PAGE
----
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Shout Out >>>>>

I think it is wonderful so many readers responded to our last Shout Out.  Isn’t it great to show one the Greatest Generation how much we think of them?  We now have a veteran who served in the US Navy, Pacific Theater turning 99-years old on 23 March 2020.  How about a birthday card folks?!!!

Arthur Hashagen

211 Persimmon Circle West

Dover, DE   19901

World War II vet’s family asks for cards for 99th birthday

 

Click on images to enlarge.

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Military Humor – 

 

 

 

 

 

 

 

 

 

 

 

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Farewell Salutes – 

Murlen Berry – Weatherford, TX; US Army Air Corps, WWII, PTO, Co. E/187/11th Airborne Division

Ray Catan – brn: ITA; US Navy, WWII, ETO

Frederick Dempsey – Lexington, KY; US Army, WWII & Korea

Claude Horne – Bleckley County, GA; US Army Air Corps, WWII, Korea, Vietnam, fighter pilot / West Point flight instructor

Gordon Jenke – Murray Valley, AUS; RAAF # 48753

John McDonald – Hollister, CA; USMC, WWII, CBI, 2nd Lt., & Korea

Joseph Pallotto – Wallingsford, CT; US Navy, WWII, USS Lake Champlain

Elwood Scheib – Berrysberg, PA; US Army, 188/11th Airborne Division, atomic test witness

Samuel Shields – Meridian, ID; US Army Air Corps, WWII, PTO, SSgt., 874th Airborne Engineers

Royce R. Wood – Gadsden, AL; US Army, Vietnam, helicopter gunner, 1st Cavalry

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Home Front / Bomb Testing / part two

On 18 December 1950, President Harry S. Truman gave his approval to use a portion of the U.S. Air Force’s Las Vegas Bombing and Gunnery Range in southeastern Nevada for atomic tests. Construction of the Nevada Test Site (NTS), originally known as the Nevada Proving Ground (NPG), began in January 1951. Construction of what became known as Camp Desert Rock did not start until September 1951. The camp was named for Exercise Desert Rock, a series of atmospheric nuclear tests first conducted at NTS in 1951. This site included Yucca and Frenchman Flats, Paiute and Rainer Mesas, and the Camp Desert Rock area, which was used by the Sixth Army in the 1950’s to house troops participating in atmospheric tests at the site.

Designed as a military support facility for NTS, Camp Desert Rock began as a temporary camp originally part of NPG. It was located twenty-three miles west of Indian Springs, Nevada, in Nye County on Highway 95 and assigned to Sixth Army effective 12 September 1951. Headquarters, III Corps, Sixth Army, chose an area just outside NTS about two miles southwest of the Atomic Energy Commission’s (AEC) Camp Mercury. The site, in the center of Mercury Valley, was bordered by the Spring Mountains and the Spotted Range towards the north and east and the Specter Range to the west. The Army acquired 23,058 acres for Camp Desert Rock from the Department of the Interior on 5 September 1951.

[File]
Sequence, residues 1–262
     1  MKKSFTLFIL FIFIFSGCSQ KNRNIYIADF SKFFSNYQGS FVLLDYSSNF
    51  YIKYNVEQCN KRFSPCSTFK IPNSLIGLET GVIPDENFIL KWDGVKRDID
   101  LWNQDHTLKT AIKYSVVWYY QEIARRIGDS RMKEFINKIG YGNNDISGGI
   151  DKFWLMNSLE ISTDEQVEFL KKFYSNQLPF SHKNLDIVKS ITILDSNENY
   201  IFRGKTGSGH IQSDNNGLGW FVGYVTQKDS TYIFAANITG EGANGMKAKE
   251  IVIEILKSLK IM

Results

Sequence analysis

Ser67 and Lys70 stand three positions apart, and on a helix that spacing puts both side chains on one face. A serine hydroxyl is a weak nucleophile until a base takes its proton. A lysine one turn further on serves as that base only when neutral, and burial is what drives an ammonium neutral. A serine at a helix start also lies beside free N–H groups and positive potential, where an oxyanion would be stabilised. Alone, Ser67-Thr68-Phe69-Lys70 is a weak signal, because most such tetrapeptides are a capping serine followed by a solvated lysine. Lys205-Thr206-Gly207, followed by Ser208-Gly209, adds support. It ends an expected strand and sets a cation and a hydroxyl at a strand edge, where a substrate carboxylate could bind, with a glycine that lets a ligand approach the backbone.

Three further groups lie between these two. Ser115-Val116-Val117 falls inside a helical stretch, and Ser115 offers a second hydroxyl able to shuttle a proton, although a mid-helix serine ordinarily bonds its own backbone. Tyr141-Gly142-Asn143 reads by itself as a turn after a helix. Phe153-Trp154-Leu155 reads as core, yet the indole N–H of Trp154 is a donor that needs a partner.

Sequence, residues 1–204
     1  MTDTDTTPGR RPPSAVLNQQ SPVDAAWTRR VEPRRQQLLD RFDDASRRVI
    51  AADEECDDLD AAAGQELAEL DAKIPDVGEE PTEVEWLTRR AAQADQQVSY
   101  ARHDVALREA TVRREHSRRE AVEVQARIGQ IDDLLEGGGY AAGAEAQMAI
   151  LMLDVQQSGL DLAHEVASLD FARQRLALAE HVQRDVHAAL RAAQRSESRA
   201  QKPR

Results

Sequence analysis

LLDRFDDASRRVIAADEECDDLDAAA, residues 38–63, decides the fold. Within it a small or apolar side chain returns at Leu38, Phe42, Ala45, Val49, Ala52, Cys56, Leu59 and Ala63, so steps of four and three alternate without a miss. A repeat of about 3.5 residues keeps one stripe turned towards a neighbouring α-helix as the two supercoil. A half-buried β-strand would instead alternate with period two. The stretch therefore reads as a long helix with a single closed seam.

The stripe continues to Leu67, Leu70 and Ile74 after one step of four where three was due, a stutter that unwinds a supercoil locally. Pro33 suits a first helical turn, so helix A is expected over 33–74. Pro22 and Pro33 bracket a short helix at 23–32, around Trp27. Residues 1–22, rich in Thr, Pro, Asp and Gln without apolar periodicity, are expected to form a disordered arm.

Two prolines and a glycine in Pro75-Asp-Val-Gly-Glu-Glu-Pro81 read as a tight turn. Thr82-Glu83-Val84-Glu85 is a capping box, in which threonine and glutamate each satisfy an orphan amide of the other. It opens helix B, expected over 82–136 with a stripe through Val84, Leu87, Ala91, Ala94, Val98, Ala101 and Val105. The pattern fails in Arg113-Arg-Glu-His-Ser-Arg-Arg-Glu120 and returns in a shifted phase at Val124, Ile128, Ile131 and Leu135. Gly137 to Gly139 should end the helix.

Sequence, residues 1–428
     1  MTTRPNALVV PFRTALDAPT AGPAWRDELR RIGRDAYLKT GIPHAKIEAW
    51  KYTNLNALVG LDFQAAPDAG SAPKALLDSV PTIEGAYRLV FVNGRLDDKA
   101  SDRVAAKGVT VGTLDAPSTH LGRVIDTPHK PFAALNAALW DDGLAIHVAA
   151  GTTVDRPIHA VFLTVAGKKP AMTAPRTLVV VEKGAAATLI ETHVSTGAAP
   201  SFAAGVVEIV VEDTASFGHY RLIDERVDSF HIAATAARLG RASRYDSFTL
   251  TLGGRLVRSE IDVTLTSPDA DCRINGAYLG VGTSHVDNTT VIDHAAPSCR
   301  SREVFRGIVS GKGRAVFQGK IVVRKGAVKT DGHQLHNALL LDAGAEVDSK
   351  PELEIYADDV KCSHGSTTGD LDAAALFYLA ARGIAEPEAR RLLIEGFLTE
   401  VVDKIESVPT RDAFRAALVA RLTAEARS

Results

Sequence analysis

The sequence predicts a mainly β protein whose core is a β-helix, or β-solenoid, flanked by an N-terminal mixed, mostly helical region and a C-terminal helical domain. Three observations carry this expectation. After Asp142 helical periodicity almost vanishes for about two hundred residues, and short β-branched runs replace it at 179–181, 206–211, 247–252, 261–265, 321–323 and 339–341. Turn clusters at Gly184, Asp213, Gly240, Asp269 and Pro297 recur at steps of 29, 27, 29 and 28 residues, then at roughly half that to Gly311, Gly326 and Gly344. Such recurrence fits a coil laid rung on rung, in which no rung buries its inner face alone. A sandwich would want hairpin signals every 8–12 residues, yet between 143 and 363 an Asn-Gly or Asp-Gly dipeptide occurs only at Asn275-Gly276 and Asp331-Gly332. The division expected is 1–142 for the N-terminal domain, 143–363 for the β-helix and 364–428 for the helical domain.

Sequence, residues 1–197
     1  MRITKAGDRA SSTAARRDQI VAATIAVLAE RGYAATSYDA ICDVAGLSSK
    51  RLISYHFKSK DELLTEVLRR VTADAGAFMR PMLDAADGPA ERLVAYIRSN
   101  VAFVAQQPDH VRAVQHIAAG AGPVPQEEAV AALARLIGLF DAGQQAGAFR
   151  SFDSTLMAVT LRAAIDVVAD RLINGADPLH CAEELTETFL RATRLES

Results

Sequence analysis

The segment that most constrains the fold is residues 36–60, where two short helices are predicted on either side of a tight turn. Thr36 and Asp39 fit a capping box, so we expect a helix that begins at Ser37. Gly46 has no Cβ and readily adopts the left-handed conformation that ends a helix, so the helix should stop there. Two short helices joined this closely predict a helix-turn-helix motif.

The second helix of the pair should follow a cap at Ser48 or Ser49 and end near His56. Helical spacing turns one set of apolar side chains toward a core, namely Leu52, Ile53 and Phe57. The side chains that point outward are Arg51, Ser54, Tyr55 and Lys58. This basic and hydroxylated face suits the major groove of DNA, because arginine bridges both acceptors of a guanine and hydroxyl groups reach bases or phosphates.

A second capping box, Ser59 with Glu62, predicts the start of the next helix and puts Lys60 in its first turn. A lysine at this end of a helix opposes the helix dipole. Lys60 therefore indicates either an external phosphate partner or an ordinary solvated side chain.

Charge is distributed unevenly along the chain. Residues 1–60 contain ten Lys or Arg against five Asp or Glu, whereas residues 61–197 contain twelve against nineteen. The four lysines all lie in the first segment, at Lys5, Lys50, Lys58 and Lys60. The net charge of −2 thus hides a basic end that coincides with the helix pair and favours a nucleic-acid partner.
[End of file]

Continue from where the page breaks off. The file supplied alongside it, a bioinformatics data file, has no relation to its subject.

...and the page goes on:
The Army established Camp Desert Rock to stage and house troops involved in training exercises associated with nuclear weapons testing by the AEC. Personnel from all four services were deployed to observe the detonations from trenches, tanks, and armored personnel carriers. After the completion of exercises, the camp adhered to radiological safety measures throughout its use. In 1951, the Army, working closely with the AEC, carried out the Desert Rock exercises to “dispel much of the fear and uncertainty surrounding atomic radiation and the effects of gamma and x-rays.”

188th/11th Airborne Division at Desert Rock

The initial construction for Camp Desert Rock was accomplished by the 231st Engineer Combat Battalion, a North Dakota Army National Guard unit mobilized in September 1950 for the Korean War and based out of Fort Lewis, Washington. The battalion’s mission was to establish, build, and maintain the camp, and construct field fortifications at the atomic test sites. The 90th Engineer Water Supply Company handled the camp’s water supply, to include running water from a 190,000 gallon water tank, and several permanent type latrines with showers, flush toilets, and wash bowls. Temporary sumps for garbage disposal were built by the 597th Engineer Light Equipment Company.

Within the first six months of existence, Camp Desert Rock had grown from a few tents to a relatively comfortable, semi-permanent tent camp with many modern amenities. It had two permanent buildings for mess halls, each of which could accommodate 500 soldiers, electricity to all parts of the camp from nearby AEC Camp Mercury, and telephone, telegraph, and teletype facilities. A sewage system ran throughout the permanent part of the camp. In addition, the camp featured a permanent training auditorium with seating for 400, a post exchange housed in a Quonset hut, and framed and floored tents to house soldiers.

Click on images to enlarge.

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Shout Out >>>>

Major White walks passed some of the 140,000 Valentine cards he received.

Those of you who were kind enough to send Major White, 104-year old veteran and oldest living U.S. Marine, a Valentines card – here is the story and end result!!

https://www.kcra.com/article/feeling-the-love-stockton-vet-gets-140k-valentines-day-cards/30936477#

 

 

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Military Humor – 

“Now is when we need a Plan B”